Tuesday, 22 July 2014

Summer news around Elgin

A sparrow celebrating fun and freedom!

There's been a lot happening around Elgin this summer, so we wanted to take a minute to discuss some of the recent developments that have taken place...

4th of July fun!

The outside of the store, all dressed up for the holiday weekend

We had a lovely Fourth of July this year! As usual, Elgin's Fourth of July parade was a lot of fun to watch, and the shop opened to welcome any shoppers who stayed downtown afterwards.

This year, the Fourth of July also happened to be First Fridays, so we had all kinds of tasty snacks on hand.

Lemonade - perfect for a summer's day!

Check out our festive jars - you can drink out of them!

And of course, there were fireworks downtown that night! We watched them from the new Promenade this year - more on that in a bit.

What a view!
Hopefully, you all were able to enjoy the festivities this year in downtown Elgin, too!

Revitalization Progress in Downtown Elgin

This summer has been one of growth and renewal for downtown Elgin, as a number of projects designed to revitalize the downtown area have continued to develop and flourish. Some of these projects are more established and well-known, like the continuing success of the Downtown Harvest Market, but this summer has seen some new projects take shape as well. 

One of the most intriguing ideas so far is the movement to have downtown Elgin listed as a historic district on the National Register of Historic Places. The district would include about 102 properties, and could be a powerful marketing and tourism tour, as well as as tax credits and incentives for participating districts.

According to a Daily Herald article, historic preservation tax credits could be as much as 45 percent, with 20 percent in federal tax credits and 25 percent in state tax credits.

There are still questions of potential drawbacks, including the possibility of more rules and regulations, but experts have said that there are no drawbacks to being listed on the registry and all tax incentives are voluntary. Ultimately, at least fifty percent of downtown property owners will have to eventually approve the plan in order to become a listed district.

Right now, the Downtown Neighborhood Association of Elgin is working on the application, which is expected to be submitted later this summer. We're looking forward to seeing what happens next!

In addition to the National Registry, the Riverside Drive Promenade has finally opened. The Riverside Drive Promenade is the the last 1500 feet of downtown riverfront to be redeveloped. Some of its features include permeable pavers, bio-swales, traffic calming devices, and bicycle paths.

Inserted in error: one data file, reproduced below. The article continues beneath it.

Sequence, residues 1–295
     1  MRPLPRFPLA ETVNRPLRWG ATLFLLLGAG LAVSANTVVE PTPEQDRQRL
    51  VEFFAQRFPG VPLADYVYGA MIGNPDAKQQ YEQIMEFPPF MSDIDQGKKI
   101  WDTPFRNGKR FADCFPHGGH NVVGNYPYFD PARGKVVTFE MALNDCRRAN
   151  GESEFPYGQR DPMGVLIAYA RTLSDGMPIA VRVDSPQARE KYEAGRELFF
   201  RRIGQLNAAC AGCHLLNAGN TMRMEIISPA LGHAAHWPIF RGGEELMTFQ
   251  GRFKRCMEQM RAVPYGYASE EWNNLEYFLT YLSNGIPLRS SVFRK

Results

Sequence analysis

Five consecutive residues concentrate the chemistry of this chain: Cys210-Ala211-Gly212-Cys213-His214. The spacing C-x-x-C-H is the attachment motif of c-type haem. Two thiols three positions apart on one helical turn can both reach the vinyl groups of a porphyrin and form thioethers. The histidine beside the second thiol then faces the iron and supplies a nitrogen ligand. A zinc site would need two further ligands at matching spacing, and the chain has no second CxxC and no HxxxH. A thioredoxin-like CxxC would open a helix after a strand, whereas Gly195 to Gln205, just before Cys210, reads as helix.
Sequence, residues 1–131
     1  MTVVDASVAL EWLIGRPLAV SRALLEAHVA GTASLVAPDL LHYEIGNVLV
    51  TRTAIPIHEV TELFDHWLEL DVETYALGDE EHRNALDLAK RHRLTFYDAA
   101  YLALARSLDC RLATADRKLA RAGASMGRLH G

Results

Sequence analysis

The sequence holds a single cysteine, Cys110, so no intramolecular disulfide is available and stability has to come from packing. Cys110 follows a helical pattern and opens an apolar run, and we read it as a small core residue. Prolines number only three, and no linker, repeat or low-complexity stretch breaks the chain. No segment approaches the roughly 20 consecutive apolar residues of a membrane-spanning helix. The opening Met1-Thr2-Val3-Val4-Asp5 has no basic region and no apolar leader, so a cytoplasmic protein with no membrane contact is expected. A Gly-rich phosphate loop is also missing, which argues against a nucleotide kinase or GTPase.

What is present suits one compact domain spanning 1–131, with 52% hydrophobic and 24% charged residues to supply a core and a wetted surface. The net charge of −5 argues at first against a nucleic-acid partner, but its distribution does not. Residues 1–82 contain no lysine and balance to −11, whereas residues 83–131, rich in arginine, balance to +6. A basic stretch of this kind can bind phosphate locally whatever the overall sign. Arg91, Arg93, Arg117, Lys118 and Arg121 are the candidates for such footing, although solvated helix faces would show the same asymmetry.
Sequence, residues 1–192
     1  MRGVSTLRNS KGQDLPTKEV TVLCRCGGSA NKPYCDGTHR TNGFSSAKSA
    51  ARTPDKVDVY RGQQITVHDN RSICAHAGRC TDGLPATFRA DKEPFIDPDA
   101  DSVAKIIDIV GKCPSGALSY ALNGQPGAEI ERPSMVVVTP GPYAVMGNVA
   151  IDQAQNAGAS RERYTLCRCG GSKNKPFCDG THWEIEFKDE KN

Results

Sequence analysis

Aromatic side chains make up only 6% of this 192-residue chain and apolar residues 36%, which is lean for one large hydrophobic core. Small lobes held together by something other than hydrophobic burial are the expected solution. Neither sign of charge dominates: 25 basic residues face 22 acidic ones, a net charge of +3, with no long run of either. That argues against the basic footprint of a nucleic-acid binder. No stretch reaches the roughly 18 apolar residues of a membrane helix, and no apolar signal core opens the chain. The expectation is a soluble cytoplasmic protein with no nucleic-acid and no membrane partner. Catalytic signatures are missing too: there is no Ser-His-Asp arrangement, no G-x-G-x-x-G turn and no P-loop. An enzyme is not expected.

On the Fourth of July, Riverside Drive could be seen lit up in full patriotic red, white, and blue colored lights - the Promenade's Facebook page has some great photos that really showcase the lighting system and how great the set-up looks.

We watched the fireworks from the Promenade - check out those lights! Very patriotic!

(This photo is from the Riverside Drive Promenade Facebook page - check it out for more great photos!)

In addition to the Promenade, there has been recent discussions about other elements that could be featured along the riverfront as well. As noted in this Daily Herald article, ideas range from popcorn stalls and ice cream carts to street performers and buskers, and even food carts operated by existing downtown restaurants. 

The Tower Building

The Elgin Tower Building
In less positive news, the fate of the beleaguered Tower Building is still murky following the May 11 fire.

The fire had been purposefully set in one of the building's elevator cars, and burned for about fifteen minutes. A Courier News article reports that "Fire Chief John Fahy said the flames were “rolling” enough that the lobby ceiling sustained fire damage. No one was inside the building at the time of the blaze." At this time, a 58-year-old man,Tommy McBurney, who is homeless, has been charged, according to the Daily Herald.

Following the fire, the Tower Building was condemned, forcing the three tenants to move out. According to a recent Daily Herald article, "In order to reopen, the lobby and the elevators must undergo repairs and pass an inspection."

There is a pending contract to sell the building to Wisconsin-based Gorman & Co., but the Tower Building's fate is still up in the air for now. Hopefully, the historic building will make it through this tough situation.

This is the view of the Tower Building from outside the shop - you can see it's been cordoned off for safety. Hopefully things will be better soon...

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